Have you ever been in your car, driving on the highway, and suddenly the oil level warning lights start glowing on the dashboard? You halt at the next service station to buy a bottle of engine oil. Do you see the various engine oil options on the shelf and have no idea which one to go for?
While buying engine oil, there’s a set of things you need to check. Here’s how you can do that:
Your manufacturer has already made it easy for you. If you browse through your owner’s manual, you’ll find its recommended oil weight listed. In normal scenarios, just go with what is listed there. However, in extreme seasons, you might want to adjust accordingly.
All engine oils will have a viscosity grade, described by two numbers separated by a W. __W__. W stands for winter. The number preceding it tells you the viscosity of the oil when it’s cold. Basically, how thick this oil will be when you’re starting your car after a cold winter night. It goes from zero to twenty-five by steps of five. A rule of thumb is that if you subtract 35 from this number, you’ll get the lower temperature the oil can tolerate. E.g. A 0W__ oil can tolerate -35ºC.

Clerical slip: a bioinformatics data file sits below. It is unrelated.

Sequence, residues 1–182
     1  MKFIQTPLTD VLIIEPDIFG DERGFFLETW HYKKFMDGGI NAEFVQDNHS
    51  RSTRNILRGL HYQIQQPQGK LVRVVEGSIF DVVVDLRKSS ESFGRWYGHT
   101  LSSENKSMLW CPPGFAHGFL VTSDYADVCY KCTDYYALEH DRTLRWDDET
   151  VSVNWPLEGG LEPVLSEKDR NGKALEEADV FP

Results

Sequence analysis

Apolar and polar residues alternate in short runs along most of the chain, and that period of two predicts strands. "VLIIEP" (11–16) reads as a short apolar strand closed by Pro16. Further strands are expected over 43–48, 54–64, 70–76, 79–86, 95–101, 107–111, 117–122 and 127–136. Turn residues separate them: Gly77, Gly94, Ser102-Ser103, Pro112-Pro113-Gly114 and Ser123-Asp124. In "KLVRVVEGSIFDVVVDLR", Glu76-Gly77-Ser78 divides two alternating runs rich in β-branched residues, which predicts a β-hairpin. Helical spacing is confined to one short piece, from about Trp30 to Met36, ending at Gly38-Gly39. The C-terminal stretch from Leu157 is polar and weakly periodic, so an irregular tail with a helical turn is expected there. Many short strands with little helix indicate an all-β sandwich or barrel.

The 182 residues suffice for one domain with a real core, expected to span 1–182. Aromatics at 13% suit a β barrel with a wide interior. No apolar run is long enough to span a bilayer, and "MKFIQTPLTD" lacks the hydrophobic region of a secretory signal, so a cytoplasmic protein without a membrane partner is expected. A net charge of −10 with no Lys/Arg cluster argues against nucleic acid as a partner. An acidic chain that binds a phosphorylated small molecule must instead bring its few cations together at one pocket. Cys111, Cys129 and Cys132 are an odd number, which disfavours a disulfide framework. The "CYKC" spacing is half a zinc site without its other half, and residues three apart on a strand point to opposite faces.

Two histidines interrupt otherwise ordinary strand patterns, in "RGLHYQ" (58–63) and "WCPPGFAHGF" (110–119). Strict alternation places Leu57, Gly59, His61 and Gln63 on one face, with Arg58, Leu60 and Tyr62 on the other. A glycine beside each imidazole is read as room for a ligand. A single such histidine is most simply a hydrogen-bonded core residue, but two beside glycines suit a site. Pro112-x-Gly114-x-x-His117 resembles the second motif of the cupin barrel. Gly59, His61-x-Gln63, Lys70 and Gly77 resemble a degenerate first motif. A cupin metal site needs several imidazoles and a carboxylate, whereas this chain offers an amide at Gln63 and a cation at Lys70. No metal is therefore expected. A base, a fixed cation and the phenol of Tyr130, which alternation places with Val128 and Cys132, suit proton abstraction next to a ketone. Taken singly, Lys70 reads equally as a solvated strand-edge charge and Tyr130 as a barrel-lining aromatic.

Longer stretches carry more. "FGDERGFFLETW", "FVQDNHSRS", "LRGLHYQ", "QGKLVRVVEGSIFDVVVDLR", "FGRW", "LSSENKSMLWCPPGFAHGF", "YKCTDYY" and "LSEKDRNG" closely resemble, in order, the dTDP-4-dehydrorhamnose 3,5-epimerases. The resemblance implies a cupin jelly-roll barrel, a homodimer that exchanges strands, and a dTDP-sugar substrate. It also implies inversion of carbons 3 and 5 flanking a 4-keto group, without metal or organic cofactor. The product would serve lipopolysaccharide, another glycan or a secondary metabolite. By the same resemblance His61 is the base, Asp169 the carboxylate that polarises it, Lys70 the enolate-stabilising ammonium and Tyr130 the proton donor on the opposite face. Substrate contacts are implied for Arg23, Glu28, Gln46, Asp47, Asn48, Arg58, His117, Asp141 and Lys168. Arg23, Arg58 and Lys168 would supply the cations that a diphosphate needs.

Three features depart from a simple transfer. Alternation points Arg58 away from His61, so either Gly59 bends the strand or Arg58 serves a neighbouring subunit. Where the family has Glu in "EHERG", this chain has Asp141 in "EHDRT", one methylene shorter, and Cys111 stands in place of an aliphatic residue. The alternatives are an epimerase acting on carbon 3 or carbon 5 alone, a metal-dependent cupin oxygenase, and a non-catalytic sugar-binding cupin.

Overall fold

The number after W is called the high-temperature grade, and it goes from 8 to 60. When the engine is running, it indicates the viscosity of the oil. The lower the number, the lower the viscosity at 100ºC, or thinner is the oil. Today, the most common ones are between 16-40—the thinner the oil, the less the fuel consumption. For the high-temperature grade, stick to what is written in the manual of the car.
It indicates the make and model of engines in which the oil can be used. It is driven by specification. Just remember that each engine needs a specific oil, which should be approved by the manufacturer of your car. The oils go through hundreds of laboratory and engine tests specifically chosen by the car manufacturers to be approved.
Nowadays, there’s a whole variety of motor oil types to choose from, which are listed as follows: